Because it will make people angry. Really, really angry.
I know this because it happened, and because reporter Rob Roberts, special to the Kansas City Star, was there to tell us about it. Here’s the deal: On April 2, administrators at Trailbridge Elementary School in Lee’s Summit, Mo. -- a medium-sized suburb on the outskirts of Kansas City -- decided to enjoy some typical locally themed festivities. The Kansas Jayhawks were playing the Kentucky Wildcats for the national title, so the administrators “briefly” played KU’s fight song “in support of the Midwest school competing in the national college basketball championship.” Sounds pretty standard, right?
Wrong. Oh, so wrong. The amazing, silly outrage from Missouri fans soon flowed forth -- from a former state representative to parents at elementary school. Seriously, this is brilliant:
“As a parent of two and a taxpaying resident of the Lee’s Summit R–7 School District, I am shocked and disappointed that there was an apparent attempt to indoctrinate Lee’s Summit school children to be KU fans at Trailridge Elementary this week,” said Brian Yates, a former state representative and graduate of the University of Missouri. “Playing the KU fight song or any college fight song over the intercom in a publicly funded elementary school is unacceptable.”
“Indoctrinate.” He actually used the word “indoctrinate!” How great is that? When people get this heated over what is said or not said in public schools, it almost always has to do with religion. But not here. Not in the Border War's DMZ.
No, this is religion, as Trailridge principal Matt Miller learned when he reached out to students and families over the incident. Again from the Star:
A.J. Quigley, another Missouri taxpayer, sent Trailridge Principal Matt Miller an April 2 email decrying the “awful decision to play the fight song today at school.” “I suggest you move to Kansas and get support from those taxpayers,” Quigley wrote as news of the controversy began spreading on MU fan websites.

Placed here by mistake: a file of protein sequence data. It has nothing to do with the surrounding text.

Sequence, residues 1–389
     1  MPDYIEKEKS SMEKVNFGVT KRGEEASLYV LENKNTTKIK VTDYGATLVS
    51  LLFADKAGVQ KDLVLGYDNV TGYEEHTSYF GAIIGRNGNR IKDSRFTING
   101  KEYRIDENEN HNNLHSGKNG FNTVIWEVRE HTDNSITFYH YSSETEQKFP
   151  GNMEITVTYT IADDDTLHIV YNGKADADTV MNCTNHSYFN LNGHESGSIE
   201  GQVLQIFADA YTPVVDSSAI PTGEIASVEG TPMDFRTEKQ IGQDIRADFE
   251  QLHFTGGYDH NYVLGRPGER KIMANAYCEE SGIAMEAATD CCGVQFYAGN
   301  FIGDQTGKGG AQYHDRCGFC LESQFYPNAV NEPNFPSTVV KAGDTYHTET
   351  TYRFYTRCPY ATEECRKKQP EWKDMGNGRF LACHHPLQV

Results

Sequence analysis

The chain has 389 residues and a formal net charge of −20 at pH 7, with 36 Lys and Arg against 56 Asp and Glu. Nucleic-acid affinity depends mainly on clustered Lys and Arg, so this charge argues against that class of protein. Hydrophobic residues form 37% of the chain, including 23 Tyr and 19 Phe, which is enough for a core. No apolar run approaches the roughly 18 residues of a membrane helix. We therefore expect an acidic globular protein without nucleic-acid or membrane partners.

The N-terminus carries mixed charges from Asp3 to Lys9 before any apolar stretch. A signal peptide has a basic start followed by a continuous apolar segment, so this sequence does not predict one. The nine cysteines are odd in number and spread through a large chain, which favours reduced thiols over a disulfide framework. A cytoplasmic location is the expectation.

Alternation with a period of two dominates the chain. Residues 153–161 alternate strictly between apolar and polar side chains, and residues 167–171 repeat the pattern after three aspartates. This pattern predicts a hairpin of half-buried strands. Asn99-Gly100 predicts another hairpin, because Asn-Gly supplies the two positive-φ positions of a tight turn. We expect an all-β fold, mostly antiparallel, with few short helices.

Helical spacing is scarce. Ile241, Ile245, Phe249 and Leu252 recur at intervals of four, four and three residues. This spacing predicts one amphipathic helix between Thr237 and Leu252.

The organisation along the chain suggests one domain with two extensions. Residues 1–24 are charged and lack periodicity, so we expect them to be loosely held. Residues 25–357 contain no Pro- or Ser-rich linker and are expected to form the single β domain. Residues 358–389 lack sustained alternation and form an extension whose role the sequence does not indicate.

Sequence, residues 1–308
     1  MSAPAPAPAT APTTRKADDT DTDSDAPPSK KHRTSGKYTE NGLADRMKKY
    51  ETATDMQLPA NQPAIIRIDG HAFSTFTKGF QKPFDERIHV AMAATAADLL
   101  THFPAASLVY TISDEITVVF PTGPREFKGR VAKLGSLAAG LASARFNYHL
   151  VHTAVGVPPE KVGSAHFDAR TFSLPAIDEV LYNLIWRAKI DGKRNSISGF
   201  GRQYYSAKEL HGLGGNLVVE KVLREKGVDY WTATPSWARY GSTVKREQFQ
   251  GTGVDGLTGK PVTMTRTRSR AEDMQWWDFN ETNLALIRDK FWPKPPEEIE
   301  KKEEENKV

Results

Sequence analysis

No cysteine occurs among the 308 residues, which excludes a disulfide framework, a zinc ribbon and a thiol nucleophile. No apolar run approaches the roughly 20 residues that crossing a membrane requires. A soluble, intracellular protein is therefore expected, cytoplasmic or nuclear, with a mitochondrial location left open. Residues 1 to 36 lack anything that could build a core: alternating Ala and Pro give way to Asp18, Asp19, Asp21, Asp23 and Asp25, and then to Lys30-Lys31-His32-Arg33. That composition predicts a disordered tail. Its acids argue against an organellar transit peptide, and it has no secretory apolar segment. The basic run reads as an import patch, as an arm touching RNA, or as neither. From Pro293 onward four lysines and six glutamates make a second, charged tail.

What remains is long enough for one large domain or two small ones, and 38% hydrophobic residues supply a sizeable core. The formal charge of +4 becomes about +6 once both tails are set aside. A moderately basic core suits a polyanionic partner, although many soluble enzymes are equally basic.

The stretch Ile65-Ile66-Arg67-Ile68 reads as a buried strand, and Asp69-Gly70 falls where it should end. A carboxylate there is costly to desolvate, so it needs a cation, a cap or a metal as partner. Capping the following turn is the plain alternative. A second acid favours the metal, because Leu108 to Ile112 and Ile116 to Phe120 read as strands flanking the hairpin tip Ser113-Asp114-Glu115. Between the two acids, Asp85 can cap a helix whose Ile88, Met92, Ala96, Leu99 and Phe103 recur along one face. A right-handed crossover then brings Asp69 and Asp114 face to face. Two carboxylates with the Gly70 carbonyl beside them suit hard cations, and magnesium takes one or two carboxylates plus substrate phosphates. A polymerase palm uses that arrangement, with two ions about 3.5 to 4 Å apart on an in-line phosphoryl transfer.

Miller, who will become the district’s director of student services after the current school year, told Quigley, “We always strive to be sensitive to all diverse viewpoints in our community and appreciate you taking the time to share your position on this matter. It was never our intent to cause an offense.”
Quigley fired back that the response was unacceptable. “You should admit your mistake. … You are paid by the state of Missouri.” Quigley then took his fight to the board of education, telling members April 3 that he was expecting a public apology.
Is it utterly ridiculous to get this mad about the playing of a rival team’s fight song in a public school? Yes. Of course it is. I feel for Miller. He attended Missouri-Kansas City and has no dog in this fight, for one, but more than that, he was clearly trying to provide a relevant and festive atmosphere for his middle-school-aged students, many of who might well be Kansas Jayhawks fans. Nothing more. To start busting out the outrage language, to start making accusations of "indoctrination," to start demanding public apologies from school boards … I mean, really, guys? That’s the example you want to set for your kids? That if something slightly bothers you, all you have to do is throw a fit? Life lessons, kids. Soak 'em up.
But I also feel for those Missouri fans. Think about this season. It was one of the best in Tigers history. The rivalry with Kansas reached a thrilling all-time high as the teams duked it out for Big 12 superiority. Added to that, Missouri’s decision to leave the Big 12 for the SEC put a century-old rivalry at risk, and the finger-pointing and anger came as much off the court as on it. Kansas won the final battle in the rivalry, 87–86 in overtime, a win that sealed the Jayhawks’ eighth-straight Big 12 regular season title. Missouri got the conference tournament title, but it didn't have a shot for rubber-match revenge (Kansas lost to Baylor in the semis). And then, just a few weeks after No. 2-seeded Missouri loses in the first round to Norfolk State, No. 2-seeded Kansas makes it all the way to the national title game?
It doesn’t exactly excuse the over-the-top outrage, of course. But think about it: If you’re a Missouri fan, of any three words in the world, the last three you want to hear on April 2 are “Rock, Chalk, Jayhawk.” The anger might be misguided and over the top. But the anger itself makes sense.